The Rider, the Elephant, and the Path

If you haven’t read the books by Chip and Dan Health (Switch and Made to Stick), you should.  I was reading a story they had in the Experience Life magazine by Lifetime Fitness the other day.  I pulled out a few things here to share:

“For anything to change, someone has to start acting differently.”

Such a simple phrase, but it’s the key of most marketing programs.  I was talking to a friend the other day, and he asked why do people bother sending marketing pieces.  In today’s world, people know all their options so if they want to change they will.  For some people, that might be true (at least on a finite list of things that matter). 

In this article, the Health brothers talk about Jonathan Haidt’s book The Happiness Hypothesis where he argues that our emotional side is an elephant and the rational side is its rider.  We have to find the balance between the two. 

It’s interesting that they talk about the rider as wearing out easily pointing out that exerting self-control and focusing on the next thing to do can leave you worn out.  You need to create a path that makes it easier to be successful.  This is relevant around adherence.  This is relevant for addressing obesity.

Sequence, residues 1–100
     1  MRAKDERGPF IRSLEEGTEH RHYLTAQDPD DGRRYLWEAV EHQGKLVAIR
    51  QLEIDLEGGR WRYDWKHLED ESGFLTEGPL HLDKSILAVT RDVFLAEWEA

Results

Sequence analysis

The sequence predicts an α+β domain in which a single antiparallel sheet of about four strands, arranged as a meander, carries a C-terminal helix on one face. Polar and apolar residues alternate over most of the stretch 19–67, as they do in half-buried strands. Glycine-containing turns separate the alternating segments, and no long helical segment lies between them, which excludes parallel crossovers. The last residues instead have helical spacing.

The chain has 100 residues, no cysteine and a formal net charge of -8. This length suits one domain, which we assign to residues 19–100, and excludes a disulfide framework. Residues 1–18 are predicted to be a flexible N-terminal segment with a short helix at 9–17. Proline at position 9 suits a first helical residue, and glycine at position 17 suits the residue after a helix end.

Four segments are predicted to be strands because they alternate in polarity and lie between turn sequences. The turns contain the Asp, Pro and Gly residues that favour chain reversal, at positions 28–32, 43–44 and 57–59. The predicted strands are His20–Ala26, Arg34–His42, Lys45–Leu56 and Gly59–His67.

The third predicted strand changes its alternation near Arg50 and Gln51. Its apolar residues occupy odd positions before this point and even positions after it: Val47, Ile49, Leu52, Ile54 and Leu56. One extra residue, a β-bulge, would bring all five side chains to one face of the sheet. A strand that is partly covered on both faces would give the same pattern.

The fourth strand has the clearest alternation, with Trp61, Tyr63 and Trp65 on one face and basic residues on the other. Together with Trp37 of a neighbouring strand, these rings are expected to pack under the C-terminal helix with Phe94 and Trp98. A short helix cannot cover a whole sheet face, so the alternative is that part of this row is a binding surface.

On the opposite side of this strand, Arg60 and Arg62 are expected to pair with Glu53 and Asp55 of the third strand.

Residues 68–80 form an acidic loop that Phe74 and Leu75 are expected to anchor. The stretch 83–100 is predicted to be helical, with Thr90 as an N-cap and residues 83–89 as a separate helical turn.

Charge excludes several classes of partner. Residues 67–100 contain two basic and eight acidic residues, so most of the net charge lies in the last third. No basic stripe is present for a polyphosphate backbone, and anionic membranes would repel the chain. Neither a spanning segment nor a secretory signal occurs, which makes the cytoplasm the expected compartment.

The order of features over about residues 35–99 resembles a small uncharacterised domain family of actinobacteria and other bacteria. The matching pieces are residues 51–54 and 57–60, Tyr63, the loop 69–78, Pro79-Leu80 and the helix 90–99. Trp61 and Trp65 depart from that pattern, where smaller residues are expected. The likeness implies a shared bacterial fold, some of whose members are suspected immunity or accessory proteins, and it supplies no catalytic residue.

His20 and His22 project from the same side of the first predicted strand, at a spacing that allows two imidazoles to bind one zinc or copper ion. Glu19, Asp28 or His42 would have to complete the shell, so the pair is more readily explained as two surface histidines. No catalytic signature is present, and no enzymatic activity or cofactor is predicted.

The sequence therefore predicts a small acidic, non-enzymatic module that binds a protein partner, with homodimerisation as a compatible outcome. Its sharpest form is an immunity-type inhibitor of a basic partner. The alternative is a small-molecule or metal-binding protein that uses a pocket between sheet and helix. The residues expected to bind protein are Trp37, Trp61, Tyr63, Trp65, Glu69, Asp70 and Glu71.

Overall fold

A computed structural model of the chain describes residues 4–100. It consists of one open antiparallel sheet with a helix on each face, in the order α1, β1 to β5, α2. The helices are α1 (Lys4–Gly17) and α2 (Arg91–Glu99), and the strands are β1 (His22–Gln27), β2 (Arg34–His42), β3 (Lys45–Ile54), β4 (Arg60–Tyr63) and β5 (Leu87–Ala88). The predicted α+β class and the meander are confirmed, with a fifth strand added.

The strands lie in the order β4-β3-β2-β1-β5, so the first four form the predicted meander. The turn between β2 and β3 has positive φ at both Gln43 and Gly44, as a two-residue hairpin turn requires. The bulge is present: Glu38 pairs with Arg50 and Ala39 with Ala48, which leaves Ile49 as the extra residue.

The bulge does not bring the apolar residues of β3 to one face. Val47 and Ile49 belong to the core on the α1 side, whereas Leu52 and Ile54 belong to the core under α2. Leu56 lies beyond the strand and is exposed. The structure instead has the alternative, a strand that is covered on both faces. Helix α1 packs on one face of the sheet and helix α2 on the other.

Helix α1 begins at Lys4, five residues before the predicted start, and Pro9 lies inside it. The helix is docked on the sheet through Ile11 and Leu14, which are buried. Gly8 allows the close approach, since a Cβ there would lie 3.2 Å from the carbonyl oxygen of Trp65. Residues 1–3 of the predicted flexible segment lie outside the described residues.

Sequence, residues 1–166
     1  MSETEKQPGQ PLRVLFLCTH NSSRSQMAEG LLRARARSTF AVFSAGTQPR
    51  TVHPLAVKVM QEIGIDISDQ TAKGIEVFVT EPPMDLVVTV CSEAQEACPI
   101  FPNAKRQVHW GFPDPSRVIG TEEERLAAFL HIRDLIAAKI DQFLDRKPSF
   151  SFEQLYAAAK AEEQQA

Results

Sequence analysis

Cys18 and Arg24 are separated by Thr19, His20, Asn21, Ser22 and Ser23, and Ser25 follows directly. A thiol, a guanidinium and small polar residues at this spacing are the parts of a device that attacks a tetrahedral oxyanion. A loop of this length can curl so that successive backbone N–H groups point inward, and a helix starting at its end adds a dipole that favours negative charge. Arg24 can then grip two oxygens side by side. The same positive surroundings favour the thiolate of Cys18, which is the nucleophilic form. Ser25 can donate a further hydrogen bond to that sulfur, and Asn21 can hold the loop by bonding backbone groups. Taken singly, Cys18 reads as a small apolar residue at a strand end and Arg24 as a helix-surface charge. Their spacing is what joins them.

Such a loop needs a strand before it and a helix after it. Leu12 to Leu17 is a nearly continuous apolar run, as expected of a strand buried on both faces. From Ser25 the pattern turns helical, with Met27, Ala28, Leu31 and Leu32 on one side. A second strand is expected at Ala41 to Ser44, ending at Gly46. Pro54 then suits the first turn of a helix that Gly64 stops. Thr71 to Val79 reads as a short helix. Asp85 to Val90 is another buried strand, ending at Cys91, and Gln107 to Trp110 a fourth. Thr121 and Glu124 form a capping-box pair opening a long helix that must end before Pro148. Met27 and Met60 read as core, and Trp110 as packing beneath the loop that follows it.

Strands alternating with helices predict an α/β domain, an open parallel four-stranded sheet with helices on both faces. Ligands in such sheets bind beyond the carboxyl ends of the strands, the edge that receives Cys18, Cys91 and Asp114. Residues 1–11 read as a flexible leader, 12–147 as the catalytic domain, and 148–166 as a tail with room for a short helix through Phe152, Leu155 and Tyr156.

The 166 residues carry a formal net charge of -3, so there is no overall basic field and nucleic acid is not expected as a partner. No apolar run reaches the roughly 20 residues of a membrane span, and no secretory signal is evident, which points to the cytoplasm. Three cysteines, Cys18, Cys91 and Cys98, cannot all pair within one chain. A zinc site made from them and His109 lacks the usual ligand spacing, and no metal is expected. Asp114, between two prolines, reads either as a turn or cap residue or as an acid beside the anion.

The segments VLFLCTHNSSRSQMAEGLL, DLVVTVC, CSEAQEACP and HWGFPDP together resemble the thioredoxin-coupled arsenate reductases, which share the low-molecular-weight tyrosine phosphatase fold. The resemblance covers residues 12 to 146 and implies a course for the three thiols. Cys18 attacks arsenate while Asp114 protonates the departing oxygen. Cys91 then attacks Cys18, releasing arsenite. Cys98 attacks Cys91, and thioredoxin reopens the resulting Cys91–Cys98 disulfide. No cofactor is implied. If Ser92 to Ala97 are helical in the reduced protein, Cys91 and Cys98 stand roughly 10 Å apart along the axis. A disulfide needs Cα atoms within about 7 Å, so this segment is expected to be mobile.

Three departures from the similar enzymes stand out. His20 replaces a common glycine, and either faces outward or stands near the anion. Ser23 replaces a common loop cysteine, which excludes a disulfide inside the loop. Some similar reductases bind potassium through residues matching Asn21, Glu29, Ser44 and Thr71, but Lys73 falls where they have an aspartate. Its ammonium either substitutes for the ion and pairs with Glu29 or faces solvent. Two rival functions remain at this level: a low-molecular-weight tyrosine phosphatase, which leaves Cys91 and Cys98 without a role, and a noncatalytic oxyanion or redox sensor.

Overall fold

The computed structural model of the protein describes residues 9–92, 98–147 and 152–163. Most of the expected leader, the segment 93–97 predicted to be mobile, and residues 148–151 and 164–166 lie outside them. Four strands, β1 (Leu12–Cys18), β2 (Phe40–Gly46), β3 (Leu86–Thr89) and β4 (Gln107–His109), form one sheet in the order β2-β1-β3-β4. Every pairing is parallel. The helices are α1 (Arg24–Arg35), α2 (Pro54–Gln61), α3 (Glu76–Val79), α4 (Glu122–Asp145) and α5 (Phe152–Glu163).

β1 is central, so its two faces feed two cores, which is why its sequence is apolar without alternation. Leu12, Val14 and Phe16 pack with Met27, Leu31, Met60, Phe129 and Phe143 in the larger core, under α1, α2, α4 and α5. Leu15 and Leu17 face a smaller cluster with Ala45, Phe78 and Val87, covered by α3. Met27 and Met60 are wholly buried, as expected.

All of these articles and books on behavioral economics have fascinating studies in them.  In one story they talk about a group of maids which were split into two groups.  One group was told that all the work they did cleaning was great exercise.  The other group went upon their job as normal.  Four weeks later, the group that thought they were exercising had lost an average of 1.8 pounds compared to the other group.

Or they talk about the book Mindless Eating which shows that “people eat more when you give them a bigger container.  Period.”

They then introduce 3 surprises which can be helpful in framing messages:

  1. What looks like resistance is often lack of clarity.  Don’t say eat healthier.  Say eat more dark leafy greens.
  2. What looks like laziness is often exhaustion.  Change is hard…acknowledge it.
  3. What looks like a people problem is often a situational problem.  Make sure to think about their environment and support system. 
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